by Rodney Stark
Whether we like it or not, people acting for the glory of God have formed our modern culture.” That quote from the dust jacket barely gives a hint of what Stark delivers in this ground-breaking book.
Princeton University Press, 41 William Street, Princeton, NJ 08540-5237, 2003, 496 pages, $35.00.
—Reviewed by Greg H. Parsons, general director, U.S. Center for World Mission, Pasadena, California.
Whether we like it or not, people acting for the glory of God have formed our modern culture.” That quote from the dust jacket barely gives a hint of what Stark delivers in this ground-breaking book. For the Glory of God builds a case for reinterpreting much of the negative approach toward Christianity fed to the world by sociologists (which Stark is), historians and others. Religion, he notes, “has played a leading role in directing the course of history.”
But Stark is not just telling what we know to be true if we believe in a God of history. Throughout the book he uses phrases like, “historians have accepted the claim” or “Many scholars …have asserted” only to counter the point with solid evidence and statistical data.
The opening line in his chapter on the religious origins of science, “God’s Handiwork,” states, “Even children know that in 1492 Christopher Columbus proved that the world is round.” When in reality, Stark continues with his corrective bent, “Every educated person of the time [of Columbus], including Roman Catholic prelates, knew the earth was round.”
That chapter in particular is a fascinating history of politics and intrigue inside the world of the sciences and those who seek to influence intellectual thought. In particular, Stark does a masterful job of recounting and rebutting the “spin” that has been put on evolution. He doesn’t argue with scientific details, but instead lays out a case—only quoting from evolutionists—for understanding how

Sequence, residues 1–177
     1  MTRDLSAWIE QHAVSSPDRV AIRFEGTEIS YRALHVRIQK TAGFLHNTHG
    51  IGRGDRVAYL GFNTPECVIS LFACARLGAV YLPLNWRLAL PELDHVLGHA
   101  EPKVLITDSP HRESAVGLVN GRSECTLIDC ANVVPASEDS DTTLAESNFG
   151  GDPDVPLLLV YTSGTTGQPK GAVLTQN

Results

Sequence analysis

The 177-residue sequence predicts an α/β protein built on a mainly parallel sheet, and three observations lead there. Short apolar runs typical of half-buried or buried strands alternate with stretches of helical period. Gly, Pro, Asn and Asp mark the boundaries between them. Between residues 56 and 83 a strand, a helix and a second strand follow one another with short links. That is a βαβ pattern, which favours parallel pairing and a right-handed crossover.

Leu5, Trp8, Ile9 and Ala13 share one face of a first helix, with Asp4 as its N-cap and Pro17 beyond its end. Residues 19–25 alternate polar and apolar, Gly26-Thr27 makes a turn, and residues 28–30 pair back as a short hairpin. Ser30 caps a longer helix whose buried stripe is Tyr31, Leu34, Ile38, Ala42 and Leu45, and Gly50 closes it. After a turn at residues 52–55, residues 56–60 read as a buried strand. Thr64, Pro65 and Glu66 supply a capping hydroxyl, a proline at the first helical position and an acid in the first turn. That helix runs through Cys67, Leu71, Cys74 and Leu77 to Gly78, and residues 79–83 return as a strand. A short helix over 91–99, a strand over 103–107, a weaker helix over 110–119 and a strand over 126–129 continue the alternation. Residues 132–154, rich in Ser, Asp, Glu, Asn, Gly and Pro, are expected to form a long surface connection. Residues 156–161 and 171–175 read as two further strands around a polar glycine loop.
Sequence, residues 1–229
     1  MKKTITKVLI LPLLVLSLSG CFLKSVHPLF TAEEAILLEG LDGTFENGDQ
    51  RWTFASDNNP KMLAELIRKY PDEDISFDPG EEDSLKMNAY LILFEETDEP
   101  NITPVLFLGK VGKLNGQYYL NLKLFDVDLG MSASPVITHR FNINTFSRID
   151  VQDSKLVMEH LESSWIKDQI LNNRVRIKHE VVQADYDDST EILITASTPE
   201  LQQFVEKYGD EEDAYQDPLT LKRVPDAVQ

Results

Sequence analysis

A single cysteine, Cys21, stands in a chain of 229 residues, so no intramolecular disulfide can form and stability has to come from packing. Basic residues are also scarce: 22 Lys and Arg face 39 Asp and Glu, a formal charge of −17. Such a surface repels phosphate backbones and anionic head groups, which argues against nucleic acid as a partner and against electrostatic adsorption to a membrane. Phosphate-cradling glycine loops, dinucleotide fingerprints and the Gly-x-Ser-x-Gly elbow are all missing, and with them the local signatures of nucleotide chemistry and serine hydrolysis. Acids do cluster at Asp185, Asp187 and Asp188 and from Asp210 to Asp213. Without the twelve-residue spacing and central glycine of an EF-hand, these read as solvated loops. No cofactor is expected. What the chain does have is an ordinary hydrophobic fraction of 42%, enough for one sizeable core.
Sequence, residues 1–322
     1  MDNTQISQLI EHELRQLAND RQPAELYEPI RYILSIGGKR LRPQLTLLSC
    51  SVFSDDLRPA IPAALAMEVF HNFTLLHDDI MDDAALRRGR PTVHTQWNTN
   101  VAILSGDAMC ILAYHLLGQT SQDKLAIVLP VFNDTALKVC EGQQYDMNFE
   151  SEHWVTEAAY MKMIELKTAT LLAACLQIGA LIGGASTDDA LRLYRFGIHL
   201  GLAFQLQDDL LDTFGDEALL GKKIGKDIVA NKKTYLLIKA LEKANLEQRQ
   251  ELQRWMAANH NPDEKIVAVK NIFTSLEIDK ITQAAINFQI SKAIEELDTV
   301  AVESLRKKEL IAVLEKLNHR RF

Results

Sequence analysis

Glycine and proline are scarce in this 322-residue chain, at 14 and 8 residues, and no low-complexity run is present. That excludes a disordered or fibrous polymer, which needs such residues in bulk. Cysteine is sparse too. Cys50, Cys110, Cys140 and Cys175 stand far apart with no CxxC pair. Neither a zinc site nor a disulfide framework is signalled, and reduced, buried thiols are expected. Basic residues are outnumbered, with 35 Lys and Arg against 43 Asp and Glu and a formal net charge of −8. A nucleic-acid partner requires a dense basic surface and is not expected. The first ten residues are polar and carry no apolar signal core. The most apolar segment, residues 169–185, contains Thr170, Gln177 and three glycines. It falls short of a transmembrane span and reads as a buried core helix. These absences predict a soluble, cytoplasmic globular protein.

the battle over evolution is not an example of how “heroic” scientists have withstood the relentless persecution of religious “fanatics.” Rather, from the very start it has primarily been an attack on religion by militant atheists who wrap themselves in the mantle of science in an effort to refute all religious claims concerning a Creator—an effort that has also often attempted to suppress all scientific criticism of Darwin’s work.
Throughout the book, Stark’s approach is refreshing in that he allows us to see into things we can’t easily research with radically different interpretations than most secular scholars—yet he relies on them. This gives us fuel for more effective understanding of our Christian heritage.
This is, as Ralph D. Winter put it, a must read for any evangelical, “one of the most valuable books I have ever owned.” Why? Not so we will be smug in our view of Christianity’s impact on the world, but so we might better understand how God has worked through his people throughout history, and how he might be calling people today.
Check these titles:
Stark, Rodney. 2003. One True God: Historical Consequences of Monotheism. Princeton: Princeton University Press.
Stark, Rodney. 1997. The Rise of Christianity: How the Obscure, Marginal, Jesus Movement Became the Dominant Religious Force. San Francisco: Harper SanFrancisco.
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